Local autonomy

No data

Key Points  In most countries, schools are subject to external evaluation, while internal evaluation is performed by school staff. Internal school evaluation can be mandatory or even compulsory in some geographies  School evaluation may focus on a number of areas including: the quality of educational or administrative processes adopted by schools; compliance with standards or regulations; and, outcomes of the teaching and learning process  Where external valuation is the common occurrence, student performance is the key proxy for school evaluation

No data

IBIS Capital | A European Perspective on e-Learning

Source: Eurydice

54


Public Funding Dominates Private Funding Proportions of Educational Expenditure from Public and Private Sources (ISCED 0-6) in 2008 Public funding

13% 13% 8% 15% 5% 6% n/a

14% 6%

20%

13% 10% 9% 17% 10% 10% n/a n/a 5% 16% 9% 13% 10% 0% 12% 18% 3% 3% 31% 9% n/a 2% 10% 8% 0%

Private funding 40%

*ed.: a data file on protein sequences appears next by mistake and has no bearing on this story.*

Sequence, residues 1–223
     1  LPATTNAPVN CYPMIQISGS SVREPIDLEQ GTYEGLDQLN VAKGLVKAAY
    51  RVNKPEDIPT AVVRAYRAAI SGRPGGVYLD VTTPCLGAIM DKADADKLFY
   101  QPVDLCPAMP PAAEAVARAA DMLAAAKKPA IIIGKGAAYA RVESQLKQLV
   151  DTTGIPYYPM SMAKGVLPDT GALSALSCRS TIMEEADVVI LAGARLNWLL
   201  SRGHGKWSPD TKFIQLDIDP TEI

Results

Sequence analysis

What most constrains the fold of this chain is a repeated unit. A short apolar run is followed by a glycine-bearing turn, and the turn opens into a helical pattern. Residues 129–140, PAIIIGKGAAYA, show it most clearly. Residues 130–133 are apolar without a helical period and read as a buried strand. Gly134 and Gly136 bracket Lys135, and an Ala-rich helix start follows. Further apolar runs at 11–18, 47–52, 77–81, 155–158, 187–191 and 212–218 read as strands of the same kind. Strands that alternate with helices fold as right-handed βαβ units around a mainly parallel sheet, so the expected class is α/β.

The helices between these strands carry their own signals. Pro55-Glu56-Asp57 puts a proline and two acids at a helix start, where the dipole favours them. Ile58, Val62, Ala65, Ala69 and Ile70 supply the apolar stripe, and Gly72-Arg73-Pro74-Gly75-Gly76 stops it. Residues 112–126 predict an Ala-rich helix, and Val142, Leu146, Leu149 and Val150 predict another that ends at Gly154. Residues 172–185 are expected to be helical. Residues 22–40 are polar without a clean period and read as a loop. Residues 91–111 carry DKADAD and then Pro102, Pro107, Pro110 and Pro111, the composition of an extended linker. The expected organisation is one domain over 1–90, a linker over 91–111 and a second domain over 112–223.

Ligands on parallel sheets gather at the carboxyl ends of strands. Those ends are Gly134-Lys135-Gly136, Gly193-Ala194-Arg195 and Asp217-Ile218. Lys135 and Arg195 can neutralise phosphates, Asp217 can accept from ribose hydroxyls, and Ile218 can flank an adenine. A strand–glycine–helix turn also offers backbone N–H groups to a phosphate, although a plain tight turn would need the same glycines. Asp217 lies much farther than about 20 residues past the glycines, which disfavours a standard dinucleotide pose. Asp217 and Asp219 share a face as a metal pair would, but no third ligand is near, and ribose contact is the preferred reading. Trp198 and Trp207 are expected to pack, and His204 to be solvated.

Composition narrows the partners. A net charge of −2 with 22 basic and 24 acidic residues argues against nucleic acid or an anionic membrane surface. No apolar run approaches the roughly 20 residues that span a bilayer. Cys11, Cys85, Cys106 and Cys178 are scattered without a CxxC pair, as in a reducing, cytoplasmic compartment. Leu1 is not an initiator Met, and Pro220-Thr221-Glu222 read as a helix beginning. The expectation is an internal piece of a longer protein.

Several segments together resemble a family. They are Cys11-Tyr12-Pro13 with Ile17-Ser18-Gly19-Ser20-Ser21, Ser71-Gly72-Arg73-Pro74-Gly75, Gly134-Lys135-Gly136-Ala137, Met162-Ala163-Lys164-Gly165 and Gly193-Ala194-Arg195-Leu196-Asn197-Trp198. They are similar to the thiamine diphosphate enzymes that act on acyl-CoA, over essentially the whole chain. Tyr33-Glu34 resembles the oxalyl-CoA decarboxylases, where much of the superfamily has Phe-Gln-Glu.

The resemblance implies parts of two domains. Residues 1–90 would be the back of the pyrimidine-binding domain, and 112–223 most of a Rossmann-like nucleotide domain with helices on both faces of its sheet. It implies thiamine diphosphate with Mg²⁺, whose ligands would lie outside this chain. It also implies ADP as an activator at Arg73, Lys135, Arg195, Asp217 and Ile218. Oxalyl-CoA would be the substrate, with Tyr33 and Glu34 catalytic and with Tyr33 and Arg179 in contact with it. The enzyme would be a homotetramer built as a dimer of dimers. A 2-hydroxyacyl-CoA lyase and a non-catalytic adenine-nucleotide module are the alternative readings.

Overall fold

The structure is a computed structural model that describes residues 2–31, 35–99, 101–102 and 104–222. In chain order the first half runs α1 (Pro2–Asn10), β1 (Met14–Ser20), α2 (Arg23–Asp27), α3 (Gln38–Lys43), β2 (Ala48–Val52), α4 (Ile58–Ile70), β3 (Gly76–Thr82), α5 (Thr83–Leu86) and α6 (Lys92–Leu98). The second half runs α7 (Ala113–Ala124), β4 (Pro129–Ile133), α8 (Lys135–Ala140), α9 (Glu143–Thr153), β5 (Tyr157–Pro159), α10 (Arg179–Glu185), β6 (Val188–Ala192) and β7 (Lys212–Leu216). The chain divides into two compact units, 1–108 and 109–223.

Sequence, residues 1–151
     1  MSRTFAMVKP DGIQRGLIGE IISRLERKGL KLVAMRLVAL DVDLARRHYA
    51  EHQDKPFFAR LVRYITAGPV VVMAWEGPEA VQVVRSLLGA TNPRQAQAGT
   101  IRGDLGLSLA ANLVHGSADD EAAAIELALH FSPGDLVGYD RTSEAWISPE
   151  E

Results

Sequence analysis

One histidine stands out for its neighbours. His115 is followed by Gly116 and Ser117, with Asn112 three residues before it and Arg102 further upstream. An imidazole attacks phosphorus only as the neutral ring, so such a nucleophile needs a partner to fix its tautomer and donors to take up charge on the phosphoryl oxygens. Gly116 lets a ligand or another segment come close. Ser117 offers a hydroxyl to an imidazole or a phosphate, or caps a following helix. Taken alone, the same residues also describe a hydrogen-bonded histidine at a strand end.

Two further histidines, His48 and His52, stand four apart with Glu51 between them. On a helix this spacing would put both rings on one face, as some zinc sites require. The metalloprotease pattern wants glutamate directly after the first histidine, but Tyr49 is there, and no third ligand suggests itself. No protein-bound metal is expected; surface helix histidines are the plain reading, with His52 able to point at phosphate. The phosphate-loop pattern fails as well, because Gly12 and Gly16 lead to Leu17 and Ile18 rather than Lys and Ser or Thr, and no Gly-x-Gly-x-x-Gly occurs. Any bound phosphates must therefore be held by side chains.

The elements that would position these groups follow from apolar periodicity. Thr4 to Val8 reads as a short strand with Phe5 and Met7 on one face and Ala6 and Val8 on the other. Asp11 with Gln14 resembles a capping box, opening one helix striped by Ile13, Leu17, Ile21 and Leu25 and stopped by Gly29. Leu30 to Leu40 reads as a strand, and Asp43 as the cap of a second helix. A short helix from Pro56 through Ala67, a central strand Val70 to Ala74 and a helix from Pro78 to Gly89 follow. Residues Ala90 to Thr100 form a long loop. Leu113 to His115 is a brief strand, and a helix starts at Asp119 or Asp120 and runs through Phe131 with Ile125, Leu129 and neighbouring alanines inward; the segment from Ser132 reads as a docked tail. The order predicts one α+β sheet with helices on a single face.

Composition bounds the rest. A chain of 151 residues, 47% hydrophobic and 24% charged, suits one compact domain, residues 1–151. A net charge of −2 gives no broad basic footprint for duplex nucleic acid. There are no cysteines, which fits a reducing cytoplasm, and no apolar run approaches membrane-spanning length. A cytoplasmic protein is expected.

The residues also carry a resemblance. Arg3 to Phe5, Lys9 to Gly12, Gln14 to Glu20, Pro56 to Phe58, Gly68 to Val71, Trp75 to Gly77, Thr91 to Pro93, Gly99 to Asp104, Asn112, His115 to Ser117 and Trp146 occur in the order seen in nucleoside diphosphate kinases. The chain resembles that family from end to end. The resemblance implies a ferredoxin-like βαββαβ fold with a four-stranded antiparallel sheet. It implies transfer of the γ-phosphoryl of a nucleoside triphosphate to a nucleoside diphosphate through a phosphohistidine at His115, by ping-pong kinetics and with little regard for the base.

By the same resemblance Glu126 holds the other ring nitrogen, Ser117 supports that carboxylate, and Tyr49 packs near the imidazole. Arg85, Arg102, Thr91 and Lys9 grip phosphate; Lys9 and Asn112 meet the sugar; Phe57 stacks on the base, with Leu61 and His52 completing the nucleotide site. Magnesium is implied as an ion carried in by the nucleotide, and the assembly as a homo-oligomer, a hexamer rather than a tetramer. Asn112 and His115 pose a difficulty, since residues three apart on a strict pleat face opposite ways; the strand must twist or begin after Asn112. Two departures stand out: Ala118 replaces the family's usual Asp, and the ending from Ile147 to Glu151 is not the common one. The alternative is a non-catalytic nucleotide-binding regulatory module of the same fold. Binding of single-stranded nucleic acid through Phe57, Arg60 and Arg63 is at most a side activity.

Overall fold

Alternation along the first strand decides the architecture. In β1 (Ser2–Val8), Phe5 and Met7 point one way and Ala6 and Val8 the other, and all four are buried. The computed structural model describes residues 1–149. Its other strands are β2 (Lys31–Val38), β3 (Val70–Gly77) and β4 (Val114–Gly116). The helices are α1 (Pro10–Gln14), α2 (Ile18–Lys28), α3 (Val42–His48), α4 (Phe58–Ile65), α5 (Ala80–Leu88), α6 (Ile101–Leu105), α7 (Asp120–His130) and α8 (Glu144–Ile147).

0%

Key Points  The majority of government expenditure is concentrated at the lower secondary to post-secondary non-tertiary education level  Private funding of education remains marginal (mean of 13.8% across Europe) with the main driver being the EU member states policy for the funding of education-oriented preprimary schooling and tertiary education

20% 40% 60% 80% EU BE BG CZ DK DE EE IE EL ES FR IT CY LV LT LU HU MT NL AT PL PT RO SI SK FI SE UK IS LI NO CH HR TR

100%

Total Public Expenditure on Education by Education Level (ISCED 0 to 6) as a Percentage of GDP, 2008 ISCED 0

ISCED 1

ISCED 2-4

ISCED 5-6

ISCED 0-6

10 8 6

7 5

5 5

4

5

5

5 5 4

8

8

7 6

6

6

5

5

6

6

5

5

0

6

7 7

6 4

4 5

6

2

2 n/a

n/a

n/a

EU27 UK Turkey Switzerland Sweden Spain Slovenia Slovakia Romania Portugal Poland Norway Netherlands Malta Luxembourg Lithuania Liechtenstein Latvia Italy Ireland Iceland Hungary Greece Germany France Finland Estonia Denmark Czech… Cyprus Croatia Bulgaria Belgium Austria

0

IBIS Capital | A European Perspective on e-Learning

Source: Eurostat, UOE, National Account Statistics

55


Decentralised Decision-Making For Operational Resources Location of Decision-Making Powers to Determine the Overall Amount of Public Expenditure on Specific Resources for Schools (ISCED 1-3), 2010/11 Centrally/Top